Iraq's fledgling police force, completely reformed after the 2003 US-led invasion, on Monday marked 90 years since its foundation at a time of sectarian tensions in the face of political deadlock.
The force, which has apologised for acts committed during the rule of now-executed dictator Saddam Hussein, held ceremonies in major cities such as Baghdad and Basra, after the army marked its 91st anniversary with a huge parade in the capital's heavily-fortified Green Zone on Friday.
Prime Minister Nuri al-Maliki, attending a police parade in Baghdad, paid tribute to the force but called on political rivals to resist politicising it amid concerns among his opponents that exactly that is taking place.
"We must not politicise the police -- the most dangerous of problems will affect the security process if they become politicised," Maliki said in a speech.
The premier also voiced hope that the police will be able to handle security on their own across the country, without assistance from the Iraqi army, by next year.
Official claims that Iraq's security forces are largely able to maintain internal security, if not defend its borders, have been dealt a blow by two sets of deadly attacks since US forces completed their withdrawal three weeks ago.
Bombings on Thursday targeting Shiite Muslims in Baghdad and southern Iraq killed 70 people, after a wave of attacks in the capital on December 22 left 60 people dead.
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The violence came amid a bitter dispute between the Shiite-led government and the main Sunni-backed political bloc.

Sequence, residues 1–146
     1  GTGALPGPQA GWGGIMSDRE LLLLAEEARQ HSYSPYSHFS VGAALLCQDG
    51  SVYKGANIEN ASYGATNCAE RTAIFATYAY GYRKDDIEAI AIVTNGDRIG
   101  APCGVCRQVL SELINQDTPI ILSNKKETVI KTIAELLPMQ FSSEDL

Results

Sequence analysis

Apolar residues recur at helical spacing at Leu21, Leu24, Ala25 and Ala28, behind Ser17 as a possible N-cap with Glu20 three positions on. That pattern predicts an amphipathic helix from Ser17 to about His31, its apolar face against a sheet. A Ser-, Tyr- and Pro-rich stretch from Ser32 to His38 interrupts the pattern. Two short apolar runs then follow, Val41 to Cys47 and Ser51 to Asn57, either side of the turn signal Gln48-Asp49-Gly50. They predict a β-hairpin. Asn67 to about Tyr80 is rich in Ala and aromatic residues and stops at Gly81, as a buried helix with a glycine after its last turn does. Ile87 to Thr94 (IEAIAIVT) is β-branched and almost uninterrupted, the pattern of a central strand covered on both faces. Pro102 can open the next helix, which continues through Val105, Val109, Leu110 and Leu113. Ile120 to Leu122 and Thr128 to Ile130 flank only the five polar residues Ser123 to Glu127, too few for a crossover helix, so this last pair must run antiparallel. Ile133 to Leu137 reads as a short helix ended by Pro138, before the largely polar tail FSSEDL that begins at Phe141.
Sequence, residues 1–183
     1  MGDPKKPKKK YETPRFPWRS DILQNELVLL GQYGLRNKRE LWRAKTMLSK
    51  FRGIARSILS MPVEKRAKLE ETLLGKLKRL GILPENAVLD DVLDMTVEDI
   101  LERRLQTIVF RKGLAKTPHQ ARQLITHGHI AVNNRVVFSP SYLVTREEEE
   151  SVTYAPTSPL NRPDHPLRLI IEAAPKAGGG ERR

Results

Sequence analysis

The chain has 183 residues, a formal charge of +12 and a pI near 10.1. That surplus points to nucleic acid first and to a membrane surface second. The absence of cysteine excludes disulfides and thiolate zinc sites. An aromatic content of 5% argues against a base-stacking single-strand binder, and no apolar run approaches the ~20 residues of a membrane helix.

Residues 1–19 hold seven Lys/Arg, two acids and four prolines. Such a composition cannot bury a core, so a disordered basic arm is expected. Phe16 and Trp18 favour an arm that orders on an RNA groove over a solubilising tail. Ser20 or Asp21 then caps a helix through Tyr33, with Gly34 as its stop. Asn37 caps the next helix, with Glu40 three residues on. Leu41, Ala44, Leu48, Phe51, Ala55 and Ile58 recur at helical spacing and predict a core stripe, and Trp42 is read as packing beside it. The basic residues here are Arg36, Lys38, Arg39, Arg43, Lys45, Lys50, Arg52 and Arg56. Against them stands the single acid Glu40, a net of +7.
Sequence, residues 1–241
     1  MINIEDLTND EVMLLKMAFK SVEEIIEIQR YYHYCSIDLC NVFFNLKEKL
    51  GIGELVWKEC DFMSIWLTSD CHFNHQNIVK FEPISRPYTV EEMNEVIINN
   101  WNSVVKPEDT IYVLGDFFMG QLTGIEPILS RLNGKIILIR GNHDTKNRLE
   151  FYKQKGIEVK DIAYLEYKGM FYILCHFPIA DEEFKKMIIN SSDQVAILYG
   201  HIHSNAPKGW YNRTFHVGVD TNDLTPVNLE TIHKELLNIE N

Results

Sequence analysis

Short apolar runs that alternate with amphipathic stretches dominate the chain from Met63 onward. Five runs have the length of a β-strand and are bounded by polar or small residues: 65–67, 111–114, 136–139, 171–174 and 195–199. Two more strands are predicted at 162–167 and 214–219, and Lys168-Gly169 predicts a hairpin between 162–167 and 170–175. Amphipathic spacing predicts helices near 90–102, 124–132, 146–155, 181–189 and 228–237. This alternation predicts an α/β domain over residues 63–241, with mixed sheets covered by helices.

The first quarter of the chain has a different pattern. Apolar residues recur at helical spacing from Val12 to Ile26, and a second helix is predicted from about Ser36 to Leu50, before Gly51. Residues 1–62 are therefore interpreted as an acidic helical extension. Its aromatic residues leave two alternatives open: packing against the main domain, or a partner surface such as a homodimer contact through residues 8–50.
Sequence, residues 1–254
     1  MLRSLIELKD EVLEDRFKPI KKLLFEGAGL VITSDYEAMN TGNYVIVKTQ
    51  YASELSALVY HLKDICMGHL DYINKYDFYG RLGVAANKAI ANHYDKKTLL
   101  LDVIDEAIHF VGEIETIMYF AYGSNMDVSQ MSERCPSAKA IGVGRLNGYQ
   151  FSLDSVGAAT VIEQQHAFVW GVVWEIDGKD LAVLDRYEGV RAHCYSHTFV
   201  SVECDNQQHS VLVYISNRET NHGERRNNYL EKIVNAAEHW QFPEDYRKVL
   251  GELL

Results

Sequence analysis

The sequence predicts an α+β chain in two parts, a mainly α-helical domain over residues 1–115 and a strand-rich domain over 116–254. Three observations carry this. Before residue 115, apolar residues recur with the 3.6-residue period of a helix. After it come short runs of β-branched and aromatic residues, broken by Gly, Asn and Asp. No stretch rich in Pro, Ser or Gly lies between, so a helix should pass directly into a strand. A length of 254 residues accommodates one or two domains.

The government has accused Vice President Tareq al-Hashemi, a Sunni Arab, of running a death squad, and Maliki, a Shiite, has called for Sunni deputy premier Saleh al-Mutlak to be sacked.
US forces dismantled the Iraqi security forces after toppling Saddam in 2003 in a move later panned for having put hundreds of thousands of men with military training out of work creating a potent recruitment pool for insurgents.
Interior ministry security forces, made up of city, oil and federal police as well as border guards and the facilities protection service, now number around 650,000, according to government figures issued in October.
But even with their high staffing levels, multiple reports have assessed they do not inspire public confidence and are unable to secure Iraq's cities and towns without help from the army.
On Sunday, the interior ministry issued a statement apologising for the actions of police during Saddam's rule.
"Security forces in the interior ministry apologise for the practices that took place during the former regime," the ministry said. "They were forced to carry out practices that were not their duties."
Despite the apology for the failings of the past, Iraq's security forces still face criticism from human rights groups for heavy-handedness, random arrests and other abuses.